The sum of the a(n) first digits of S is a prime
Hello
SeqFans  here is another nightmare:
«
Smallest integer not yet present in S
such that the sum of the a(n) first digits of S is a prime »:
I
get by hand:
S =
2,1,4,6,3,7,8,60,9,11,14,17,61,16,22,25,30,26,28,34,49,37,200,36,38,39,42,59,51,54,56,61,69,201,...
Sum
of the first 2 digits is a prime: 2+1 = 3
Sum
of the first 1 digit is a prime: 2 = 2
Sum
of the first 4 digits is a prime: 2+1+4+6 =
13
Sum
of the first 6 digits is a prime:
2+1+4+6+3+7= 23
Sum
of the first 3 digits is a prime: 2+1+4 = 7
Sum
of the first 7 digits is a prime:
2+1+4+6+3+7+8 = 31
Sum
of the first 8 digits is a prime:
2+1+4+6+3+7+8+6 = 37
Sum
of the first 60 digits is a prime: 2+1+4+6+3+7+8+6+0+9+1+1+1+4+1+7+6+1+1+6+2+2+2+5+3+0+2+6+2+8+3+4+4+9+3+7+2+0+0+
3+6+3+8+3+9+4+2+5+9+5+1+5+4+5+6+6+1+6+9+2
= 241
Sum
of the first 9 digits is a prime:
2+1+4+6+3+7+8+6+0 = 37
Sum
of the first 11 digits is a prime:
2+1+4+6+3+7+8+6+0+9+1 = 47
Sum
of the first 14 digits is a prime:
2+1+4+6+3+7+8+6+0+9+1+1+1+4 = 53
Sum
of the first 17 digits is a prime:
2+1+4+6+3+7+8+6+0+9+1+1+1+4+1+7+6 = 67
Sum
of the first 61 digits is a prime: 2+1+4+6+3+7+8+6+0+9+1+1+1+4+1+7+6+1+1+6+2+2+2+5+3+0+2+6+2+8+3+4+4+9+3+7+2+0+0+
3+6+3+8+3+9+4+2+5+9+5+1+5+4+5+6+6+1+6+9+2+0
= 241
Sum
of the first 16 digits is a prime:
2+1+4+6+3+7+8+6+0+9+1+1+1+4+1+7 = 61
... 

>Above
column is S
In
computing this, one is forced to put constraints on the future of S. See here,
for instance:
S = 2,1,4,...
As
we cannot write "3" after "1" (because the sum of the first
"3" digits would be 6  a composite), we write "4" 
leaving the future "open". But this "4" forces the next
term, 6:
S = 2,1,4,6,...
And
again, this "6" puts a constraint on the future of S. "3"
is forced, as "3" is the « smallest integer not yet present in S such
that the sum of the a(n) first digits of S is a prime »; indeed, it works,
"3" describes the "past" of S and 2+1+4=7, a prime.
S = 2,1,4,6,3,7,...
"7"
resolves the constraint put by "6"; indeed the sum of the first 6 digits
of S is a prime  "7" being the smallest available integer: 2+1+4+6+3+7=
23
This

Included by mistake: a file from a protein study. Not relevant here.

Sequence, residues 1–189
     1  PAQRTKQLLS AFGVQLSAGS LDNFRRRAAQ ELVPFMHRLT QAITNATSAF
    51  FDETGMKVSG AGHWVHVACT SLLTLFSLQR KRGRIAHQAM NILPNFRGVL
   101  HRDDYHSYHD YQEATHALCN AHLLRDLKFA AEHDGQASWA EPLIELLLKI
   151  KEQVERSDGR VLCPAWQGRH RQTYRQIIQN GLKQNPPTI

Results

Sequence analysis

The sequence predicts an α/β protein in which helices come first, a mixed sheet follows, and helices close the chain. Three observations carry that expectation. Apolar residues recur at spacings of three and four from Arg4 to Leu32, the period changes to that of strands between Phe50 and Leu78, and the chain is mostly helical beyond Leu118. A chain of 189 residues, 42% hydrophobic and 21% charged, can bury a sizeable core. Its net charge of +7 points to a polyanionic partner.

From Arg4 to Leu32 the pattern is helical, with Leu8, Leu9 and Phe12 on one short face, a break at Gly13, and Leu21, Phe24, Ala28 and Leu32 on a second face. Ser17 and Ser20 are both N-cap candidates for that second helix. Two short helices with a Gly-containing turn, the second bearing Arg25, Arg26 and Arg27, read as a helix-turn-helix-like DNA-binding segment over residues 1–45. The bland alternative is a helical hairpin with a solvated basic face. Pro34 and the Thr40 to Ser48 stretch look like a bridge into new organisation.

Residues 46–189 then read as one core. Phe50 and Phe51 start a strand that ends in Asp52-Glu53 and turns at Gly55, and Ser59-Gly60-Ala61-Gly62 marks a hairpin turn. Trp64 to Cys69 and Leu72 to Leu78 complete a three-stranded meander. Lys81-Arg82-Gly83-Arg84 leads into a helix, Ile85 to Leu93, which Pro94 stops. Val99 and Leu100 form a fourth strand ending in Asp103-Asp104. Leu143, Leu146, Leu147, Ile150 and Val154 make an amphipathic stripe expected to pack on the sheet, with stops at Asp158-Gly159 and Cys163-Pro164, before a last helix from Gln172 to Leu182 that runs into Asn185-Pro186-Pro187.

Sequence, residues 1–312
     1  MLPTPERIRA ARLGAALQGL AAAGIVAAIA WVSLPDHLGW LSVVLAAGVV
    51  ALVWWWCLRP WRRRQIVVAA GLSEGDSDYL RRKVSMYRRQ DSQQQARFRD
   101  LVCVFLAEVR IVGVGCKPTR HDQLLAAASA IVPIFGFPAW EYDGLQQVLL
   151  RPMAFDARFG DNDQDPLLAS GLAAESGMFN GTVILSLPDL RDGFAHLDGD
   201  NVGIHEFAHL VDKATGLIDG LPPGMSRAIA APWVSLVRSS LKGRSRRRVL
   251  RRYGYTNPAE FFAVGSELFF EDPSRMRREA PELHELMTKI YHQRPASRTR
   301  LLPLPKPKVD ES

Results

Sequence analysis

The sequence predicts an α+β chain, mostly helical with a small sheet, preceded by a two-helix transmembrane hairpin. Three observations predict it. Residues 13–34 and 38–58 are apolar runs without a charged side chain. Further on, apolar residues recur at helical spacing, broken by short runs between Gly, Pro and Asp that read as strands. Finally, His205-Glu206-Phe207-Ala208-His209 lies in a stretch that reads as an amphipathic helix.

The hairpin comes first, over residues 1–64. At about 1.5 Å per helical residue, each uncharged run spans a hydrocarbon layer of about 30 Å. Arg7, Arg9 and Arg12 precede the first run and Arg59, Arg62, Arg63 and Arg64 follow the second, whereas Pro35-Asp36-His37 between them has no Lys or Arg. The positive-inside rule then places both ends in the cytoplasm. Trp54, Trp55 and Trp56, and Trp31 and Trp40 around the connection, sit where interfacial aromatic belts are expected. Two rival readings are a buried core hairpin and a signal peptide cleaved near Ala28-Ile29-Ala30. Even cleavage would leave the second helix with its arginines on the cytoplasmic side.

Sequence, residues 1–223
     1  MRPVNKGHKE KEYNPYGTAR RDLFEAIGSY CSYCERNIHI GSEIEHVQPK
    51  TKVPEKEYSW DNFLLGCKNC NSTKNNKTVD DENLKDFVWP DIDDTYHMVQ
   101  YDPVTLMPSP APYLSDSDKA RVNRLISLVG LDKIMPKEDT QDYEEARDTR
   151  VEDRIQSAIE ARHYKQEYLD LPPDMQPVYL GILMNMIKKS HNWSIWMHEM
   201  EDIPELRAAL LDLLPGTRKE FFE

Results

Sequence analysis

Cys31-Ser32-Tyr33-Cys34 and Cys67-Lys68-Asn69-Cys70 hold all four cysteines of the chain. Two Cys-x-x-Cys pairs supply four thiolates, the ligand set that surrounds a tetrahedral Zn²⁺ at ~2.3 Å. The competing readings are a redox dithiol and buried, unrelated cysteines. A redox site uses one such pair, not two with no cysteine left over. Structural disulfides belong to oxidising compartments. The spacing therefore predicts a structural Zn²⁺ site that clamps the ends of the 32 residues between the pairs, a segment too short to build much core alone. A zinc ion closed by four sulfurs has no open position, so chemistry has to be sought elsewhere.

"7" puts another constraint on the future of S  resolved by
"8":
S = 2,1,4,6,3,7,8,... Check:
2+1+4+6+3+7+8 = 31, ok.
This
"8", again, puts a constraint on the next term  and we notice quickly
that we must take "60" as the next term! If we could have taken "6"
instead, we would have had a prime sum (31+6=37)  but 6 was already in S! We
must try something else  and after having checked that no smallest integer
fits, we write "60" after "8":
S = 2,1,4,6,3,7,8,60,...
This
puts a huge constraint on S! We have to remember that the sum of the first 60
digits of S is a prime!
Nevertheless,
we proceed... (fast forward until):
S =
2,1,4,6,3,7,8,60,9,11,14,17,61,16,22,25,30,26,28,...
The
above last digit ("8") is the 30st of S;
the digit sum so far is 107;
What
would be the next term "xy", after 28? All
"past" prime sums have been described so far  thus we write
"for the future" and try "31":
S =
2,1,4,6,3,7,8,60,9,11,14,17,61,16,22,25,30,26,28,31,...
No
 the "3" of "31" is the 31st digit of S; as
107+"3" is 110 (composite) we cannot keep "31".
We try "32":
S =
2,1,4,6,3,7,8,60,9,11,14,17,61,16,22,25,30,26,28,32,...
No
again: the sum of the 32 first digits would now be
107+"3"+"2" = 112, a composite.
"33"
seems ok  as the sum of the 33 first digits is prime
(read the "n^{th} digit" vertically and the cumulative sums
"CS" vertically too):
n^{th} = 1 2 3 4 5 6 7 89 1 11 11 11
11
12 22 22 22
22
23 33 33
n^{th} 0 12 34 56 78 90 12 34 56 78 90 12 34
S =
2,1,4,6,3,7,8,60,9,11,14,17,61,16,22,25,30,26,28,33,xy
CS= 2 3 7 1 1 2 3 33 4 44 45 56
66 67 77 88 88 99 91 11 .
CS 3 6 3 1 77 6 78 93 41 78 95 79 16 99 17 90 11 .
7 03 .
Ouch...
We have a problem with the next digit, "x"! No digit will fit, as the
closest prime to 113 is 127  14 units apart! We see that 33 puts too strong a constraint on the future of S  a halting
one! We thus erase "33" and try "34" (shouting ‘alleluia’
here to the inventor of the copy/paste technique):
n^{th} =1 2 3 4 5 6 7 89 1
11 11
11
11
12 22 22 22
22
23 33 33
n^{th} 0 12
34 56 78 90 12 34 56 78 90 12 34
S =
2,1,4,6,3,7,8,60,9,11,14,17,61,16,22,25,30,26,28,34,xy ...
CS= 2 3 7 1 1 2 3 33 4 44 45 56
66 67 77 88 88 99 91 11 .
CS 3 6 3 1 77 6 78 93 41 78 95 79 16 99 17 90 11 .
7 04 .
Now,
with "34", we have 2 available digits to bridge the gap; the smallest
integer fitting will be 49:
n^{th}= 1 2 3 4 5 6 7 89 1 11 11 11 11 12 22 22 22
22
23 33 33
n^{th} 0 12
34 56 78 90 12 34 56 78 90 12 34
S =
2,1,4,6,3,7,8,60,9,11,14,17,61,16,22,25,30,26,28,34,49, ...
CS= 2 3 7 1 1 2 3 33 4 44 45 56
66 67 77 88 88 99 91 11 11